NEW YORK/LONDON, Nov 30 (Reuters) - Arabica coffee futures
on ICE weakened on Monday, slipping from the prior session's
2-1/2 month high, while cocoa and sugar prices also fell.
* March arabica coffee settled down 0.9 cents, or
0.7%, at $1.233 per lb. The benchmark second position rose to a
peak of $1.2480 on Friday, its highest since mid-September.
* Dealers said rains over the next few days could aid the
outlook for crops in southern Brazil, although some of the
damage from the recent dry spell was likely to be irreversible.
* "Brazil's 2021 crop forecasts are being lowered just when
COVID-19 vaccines signal a future resurgence in demand," broker
Marex Spectron said in a report, noting it expected demand
growth to be above trend from the second quarter of 2021 and
lasting into 2022.
* March robusta coffee settled down $8, or 0.6%, at
$1,405 a tonne.
* Vietnam exported 70,000 tonnes of coffee in November, down
37.5% from a year earlier, government data released on Sunday
* March New York cocoa settled down $27, or
1.0%, to $2,739 a tonne.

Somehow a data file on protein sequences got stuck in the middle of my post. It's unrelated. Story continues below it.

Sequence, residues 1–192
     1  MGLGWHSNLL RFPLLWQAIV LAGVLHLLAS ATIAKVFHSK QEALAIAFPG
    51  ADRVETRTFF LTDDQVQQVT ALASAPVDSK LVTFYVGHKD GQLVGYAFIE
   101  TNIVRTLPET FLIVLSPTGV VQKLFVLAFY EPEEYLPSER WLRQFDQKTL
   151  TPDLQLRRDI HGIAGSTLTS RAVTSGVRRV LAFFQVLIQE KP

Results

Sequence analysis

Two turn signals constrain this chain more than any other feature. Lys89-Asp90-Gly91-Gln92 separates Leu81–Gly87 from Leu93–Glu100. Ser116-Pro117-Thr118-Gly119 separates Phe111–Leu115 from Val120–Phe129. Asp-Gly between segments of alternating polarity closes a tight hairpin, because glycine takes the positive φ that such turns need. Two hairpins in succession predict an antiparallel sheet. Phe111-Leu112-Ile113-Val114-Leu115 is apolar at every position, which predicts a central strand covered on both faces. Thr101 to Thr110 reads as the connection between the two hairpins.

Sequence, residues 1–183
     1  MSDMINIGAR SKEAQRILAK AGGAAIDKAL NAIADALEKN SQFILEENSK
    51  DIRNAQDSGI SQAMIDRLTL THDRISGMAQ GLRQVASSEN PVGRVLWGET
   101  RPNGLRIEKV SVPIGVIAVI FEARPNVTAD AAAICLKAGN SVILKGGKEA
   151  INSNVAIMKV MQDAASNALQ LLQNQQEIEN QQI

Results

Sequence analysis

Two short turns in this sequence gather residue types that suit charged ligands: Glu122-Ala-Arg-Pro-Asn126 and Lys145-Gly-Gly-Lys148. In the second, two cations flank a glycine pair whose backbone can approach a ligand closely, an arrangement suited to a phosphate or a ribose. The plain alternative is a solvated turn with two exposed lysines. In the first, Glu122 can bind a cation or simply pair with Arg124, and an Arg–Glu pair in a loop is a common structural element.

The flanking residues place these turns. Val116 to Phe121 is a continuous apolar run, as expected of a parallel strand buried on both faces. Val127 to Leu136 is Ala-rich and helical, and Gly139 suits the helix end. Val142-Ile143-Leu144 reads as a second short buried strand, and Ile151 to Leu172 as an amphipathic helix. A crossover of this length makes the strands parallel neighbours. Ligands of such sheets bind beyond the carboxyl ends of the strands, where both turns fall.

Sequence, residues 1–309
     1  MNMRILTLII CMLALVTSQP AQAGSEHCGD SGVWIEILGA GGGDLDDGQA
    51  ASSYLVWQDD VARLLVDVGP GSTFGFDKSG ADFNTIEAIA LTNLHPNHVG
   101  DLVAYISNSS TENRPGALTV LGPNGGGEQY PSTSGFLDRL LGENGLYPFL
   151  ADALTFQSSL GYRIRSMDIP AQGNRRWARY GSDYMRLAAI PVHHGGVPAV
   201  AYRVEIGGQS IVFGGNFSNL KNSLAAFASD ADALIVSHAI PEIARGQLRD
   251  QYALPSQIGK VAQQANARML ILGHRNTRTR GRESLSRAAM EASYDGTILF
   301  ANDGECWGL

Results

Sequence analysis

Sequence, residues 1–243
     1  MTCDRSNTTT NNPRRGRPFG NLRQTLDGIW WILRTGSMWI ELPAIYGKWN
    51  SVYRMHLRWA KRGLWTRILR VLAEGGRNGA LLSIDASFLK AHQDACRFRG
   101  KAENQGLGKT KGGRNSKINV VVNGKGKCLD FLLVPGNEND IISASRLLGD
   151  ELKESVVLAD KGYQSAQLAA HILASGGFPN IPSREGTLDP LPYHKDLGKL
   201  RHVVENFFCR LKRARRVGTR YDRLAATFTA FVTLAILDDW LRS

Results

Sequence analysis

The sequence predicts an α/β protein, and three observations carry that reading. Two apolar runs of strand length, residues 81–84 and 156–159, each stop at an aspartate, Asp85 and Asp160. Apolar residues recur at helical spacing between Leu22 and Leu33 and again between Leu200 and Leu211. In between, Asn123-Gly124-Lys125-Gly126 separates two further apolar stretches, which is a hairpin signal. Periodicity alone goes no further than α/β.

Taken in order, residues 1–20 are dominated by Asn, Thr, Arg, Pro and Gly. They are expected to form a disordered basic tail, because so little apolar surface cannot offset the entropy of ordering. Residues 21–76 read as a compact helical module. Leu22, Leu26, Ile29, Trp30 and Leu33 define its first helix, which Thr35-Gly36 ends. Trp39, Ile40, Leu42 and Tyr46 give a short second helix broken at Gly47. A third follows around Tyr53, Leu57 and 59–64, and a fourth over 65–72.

* Dealers said a strong start to the main crop in top grower
Ivory Coast remained a bearish influence although the low level
of exchange stocks continued to provide support.
* There are concerns, however, that recent below average
rains may curb production from February onwards.
* March London cocoa settled down 11 pounds, or
0.6%, to 1,858 pounds per tonne.
* Ivory Coast and Ghana are cancelling all cocoa
sustainability schemes run by U.S.-based Hershey in the
west African countries, accusing the chocolate maker of trying
to avoid paying a cocoa premium aimed at combating farmer
* March raw sugar fell 0.31 cents, or 1.6%, to 14.51
cents per lb.
* Dealers said India was generally expected to announce a
programme to subside exports, possibly in late December, with
the volume potentially around five million tonnes.
* March white sugar fell $5.90, or 1.4%, to $398.80
(Reporting by Nigel Hunt, additional reporting by Jessica
Resnick-Ault; Editing by Ken Ferris, Pravin Char and Richard